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Refugees in Russia, 1914-18

the funds they collected went on v 96 v Refugees in Russia overhead costs. This was designed to enhance their legitimacy in the eyes of their members and of the Russian public at large.40 The provincial branches of the Tatiana committee were already in place in the spring and summer of 1915. The social composition of local branches was emphatically upper-class and bourgeois, comprising highranking officials, clergy, local government representatives, prominent local intellectuals, and ‘honourable citizens’ (pochetnye grazhdane). They dealt with the complex business

in Europe on the move
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significance is this? The actors I interviewed belonged to various circles of interest and involvement, all centred on the state. In the middle was the Government itself; subsequent, slightly wider layers comprised Labour MPs who might be expected to most closely support or identify with government policy; further out were layers containing MPs from other political parties; weaving in and out of all of these were the officials who, in one sense, were at the heart of the state, while at the same time removing themselves from a too-close identification with the Labour

in Britain and Africa under Blair

members believed that the national movement was based on the democratic bourgeoisie classes and that its policy towards the Bolsheviks was hypocritical: while they wanted to co-­operate with the Bolsheviks against Western capitalism, they did not depart from nationalist policies.35 The way Kemal reacted to the role of Suphi in establishing relations with Moscow was an important sign of the developing nationalist authority in foreign affairs. During the correspondence between Suphi and Kemal before and after the Baku Congress, the main issue was Suphi’s demand to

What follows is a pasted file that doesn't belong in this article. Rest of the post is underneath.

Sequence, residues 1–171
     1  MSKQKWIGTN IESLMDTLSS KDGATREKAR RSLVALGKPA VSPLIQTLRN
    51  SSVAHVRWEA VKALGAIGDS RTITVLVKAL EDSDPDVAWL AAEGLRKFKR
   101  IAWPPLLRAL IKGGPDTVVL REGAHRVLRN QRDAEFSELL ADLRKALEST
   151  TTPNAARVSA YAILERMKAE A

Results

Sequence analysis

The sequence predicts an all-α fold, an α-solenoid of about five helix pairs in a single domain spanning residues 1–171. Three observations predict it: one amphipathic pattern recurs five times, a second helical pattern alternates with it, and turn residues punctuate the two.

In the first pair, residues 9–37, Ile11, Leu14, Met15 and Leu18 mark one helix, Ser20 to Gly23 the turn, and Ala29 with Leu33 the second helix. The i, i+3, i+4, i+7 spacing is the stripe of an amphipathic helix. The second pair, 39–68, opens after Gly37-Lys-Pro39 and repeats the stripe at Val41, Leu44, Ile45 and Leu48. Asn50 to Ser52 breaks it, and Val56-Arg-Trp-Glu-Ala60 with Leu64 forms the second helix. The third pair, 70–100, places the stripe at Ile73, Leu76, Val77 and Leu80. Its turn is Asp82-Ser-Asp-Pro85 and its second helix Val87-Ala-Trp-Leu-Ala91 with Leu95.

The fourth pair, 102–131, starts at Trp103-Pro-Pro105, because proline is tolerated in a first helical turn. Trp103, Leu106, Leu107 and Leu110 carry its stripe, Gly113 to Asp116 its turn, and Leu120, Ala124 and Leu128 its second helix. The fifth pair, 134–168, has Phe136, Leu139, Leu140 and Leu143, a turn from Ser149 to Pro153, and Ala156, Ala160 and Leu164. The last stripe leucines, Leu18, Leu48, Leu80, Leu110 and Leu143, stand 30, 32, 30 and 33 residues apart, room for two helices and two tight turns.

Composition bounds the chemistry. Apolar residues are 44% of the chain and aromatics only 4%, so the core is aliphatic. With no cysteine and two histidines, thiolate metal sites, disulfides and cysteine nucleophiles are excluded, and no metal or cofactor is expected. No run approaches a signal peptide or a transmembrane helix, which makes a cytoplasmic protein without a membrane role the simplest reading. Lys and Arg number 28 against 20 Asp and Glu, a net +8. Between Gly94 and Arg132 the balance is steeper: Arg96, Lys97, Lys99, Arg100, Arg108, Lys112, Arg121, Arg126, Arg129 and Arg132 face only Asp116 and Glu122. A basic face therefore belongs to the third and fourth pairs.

in Turkey facing east

unaffected by Communist propaganda and were segregated from the remainder, while among the junior NCOs and Other Ranks some two-thirds remained virtually unaffected. Of the remainder, most absorbed sufficient indoctrination to be classed as Communist sympathisers, but had most likely responded to the influence of normal home life upon their return. A small minority – about 40 altogether – returned home convinced Communists. But some had Communist leanings or affiliations before they went to Korea.1 Most British personnel had resisted Communist attempts to make them

in Britain’s Korean War

Cooper, 2000: 2). Scholars draw attention to the multiple and multi-layered character of identity (Citrin and Sides, 2004) and the influence of intersecting social factors, including gender, race, class, social standing and so on (YuvalDavis, 2007: 562–563). Even when they recognise that identity is likely to be multiple in practice, some argue that such identities do not (necessarily) clash. Instead, it has been proposed that some layers of identity are prone to comprise others (Taylor, 1989: 25). This is expected to be the case for emerging senses of (cosmopolitan

in The European Union and its eastern neighbourhood